Before 3D printing I was more of a car person.  I've built a couple of motors and broken a few things.  I had an MKIV Toyota Supra TT 6MT, a Mitsubishi Galant VR4, and a Gen 1 CTS-V.  I like Star Wars.

I'm really excited to build the Voron. The overall design is very impressive and to think it was designed with the idea of being 3D printed.  Brilliant.   Maybe when its finished it will motivate me to finish my mill that just needs one adapter...  Should have made my UN: MasterOfProcrastination 

Thanks for letting me join.  I've already found a couple of excellent add-ons that I will be printing.   Luckily I found the panel mount latches before I started printing the OE mounts LOL.  I certainly hope to give back to the community someday.  

Thanks

Maxon

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Welcome to the forum, Maxon. Definitely sounds like you're on the 3d-printing fast-trrack programme, and you're in a good place to help with that. Plenty of sensible people so feel free to ask away. Although I suspect, with all your engineering chops there'll be plenty for us  quizz you about. That's the beauty of this, the more different views and experiences we can bring to bear on these infernal machines the better things get.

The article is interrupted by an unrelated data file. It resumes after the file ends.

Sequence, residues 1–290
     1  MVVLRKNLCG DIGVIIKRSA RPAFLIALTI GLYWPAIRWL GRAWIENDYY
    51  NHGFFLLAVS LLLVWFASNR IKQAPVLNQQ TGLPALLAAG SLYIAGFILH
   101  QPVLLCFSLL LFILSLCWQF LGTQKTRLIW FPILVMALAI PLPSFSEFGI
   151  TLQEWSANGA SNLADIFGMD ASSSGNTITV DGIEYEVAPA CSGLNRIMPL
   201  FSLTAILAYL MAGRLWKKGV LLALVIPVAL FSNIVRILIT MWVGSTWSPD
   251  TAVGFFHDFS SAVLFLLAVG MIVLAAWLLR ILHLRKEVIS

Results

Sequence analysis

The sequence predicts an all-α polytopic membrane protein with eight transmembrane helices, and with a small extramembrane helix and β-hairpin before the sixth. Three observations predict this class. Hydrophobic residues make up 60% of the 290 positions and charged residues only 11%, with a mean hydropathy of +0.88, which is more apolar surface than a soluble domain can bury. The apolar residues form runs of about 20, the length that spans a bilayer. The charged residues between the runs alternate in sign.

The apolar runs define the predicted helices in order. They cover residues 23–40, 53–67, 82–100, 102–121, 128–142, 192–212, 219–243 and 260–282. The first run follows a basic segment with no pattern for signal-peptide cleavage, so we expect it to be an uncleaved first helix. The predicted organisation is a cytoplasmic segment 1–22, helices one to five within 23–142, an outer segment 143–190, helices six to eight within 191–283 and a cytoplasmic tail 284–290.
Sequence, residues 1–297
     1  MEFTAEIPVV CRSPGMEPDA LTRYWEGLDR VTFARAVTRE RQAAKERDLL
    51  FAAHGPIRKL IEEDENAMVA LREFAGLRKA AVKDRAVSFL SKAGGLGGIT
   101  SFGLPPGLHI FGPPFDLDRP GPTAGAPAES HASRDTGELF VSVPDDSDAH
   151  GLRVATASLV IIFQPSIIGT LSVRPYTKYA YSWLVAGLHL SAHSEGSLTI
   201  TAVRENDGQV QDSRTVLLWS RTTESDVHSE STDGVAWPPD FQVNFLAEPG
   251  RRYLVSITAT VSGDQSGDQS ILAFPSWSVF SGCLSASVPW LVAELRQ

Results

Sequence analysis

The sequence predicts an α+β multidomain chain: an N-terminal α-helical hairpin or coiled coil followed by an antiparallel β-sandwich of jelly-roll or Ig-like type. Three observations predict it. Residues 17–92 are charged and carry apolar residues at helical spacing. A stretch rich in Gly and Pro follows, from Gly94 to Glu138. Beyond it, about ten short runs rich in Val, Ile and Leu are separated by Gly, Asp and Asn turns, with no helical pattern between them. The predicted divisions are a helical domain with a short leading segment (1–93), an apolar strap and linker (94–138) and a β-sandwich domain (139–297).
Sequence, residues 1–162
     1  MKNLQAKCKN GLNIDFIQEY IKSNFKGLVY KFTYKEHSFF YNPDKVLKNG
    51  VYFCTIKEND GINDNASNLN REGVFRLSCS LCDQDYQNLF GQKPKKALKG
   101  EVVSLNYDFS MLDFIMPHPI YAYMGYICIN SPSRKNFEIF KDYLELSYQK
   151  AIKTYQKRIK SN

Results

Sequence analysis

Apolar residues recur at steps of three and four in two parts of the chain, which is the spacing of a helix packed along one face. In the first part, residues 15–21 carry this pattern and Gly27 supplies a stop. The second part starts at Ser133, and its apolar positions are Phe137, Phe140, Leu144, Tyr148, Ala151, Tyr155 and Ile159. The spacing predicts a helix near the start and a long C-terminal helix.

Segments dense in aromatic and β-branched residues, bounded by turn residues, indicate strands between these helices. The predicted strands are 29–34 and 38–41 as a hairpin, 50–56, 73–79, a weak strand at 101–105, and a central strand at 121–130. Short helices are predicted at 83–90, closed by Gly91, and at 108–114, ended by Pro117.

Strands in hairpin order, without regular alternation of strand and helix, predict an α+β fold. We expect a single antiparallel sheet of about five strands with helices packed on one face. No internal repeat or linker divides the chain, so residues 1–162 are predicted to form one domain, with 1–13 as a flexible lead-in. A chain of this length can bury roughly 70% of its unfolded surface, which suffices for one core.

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A big Welcome. Great group of folks, lots of helpful tips and resources are great. What I love about the forum is that you can ask a question and it gets answered and explained in a friendly helpful manner. Everyone is out to help.

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Welcome to the forum! When you get going on that build, consider starting a build diary on it.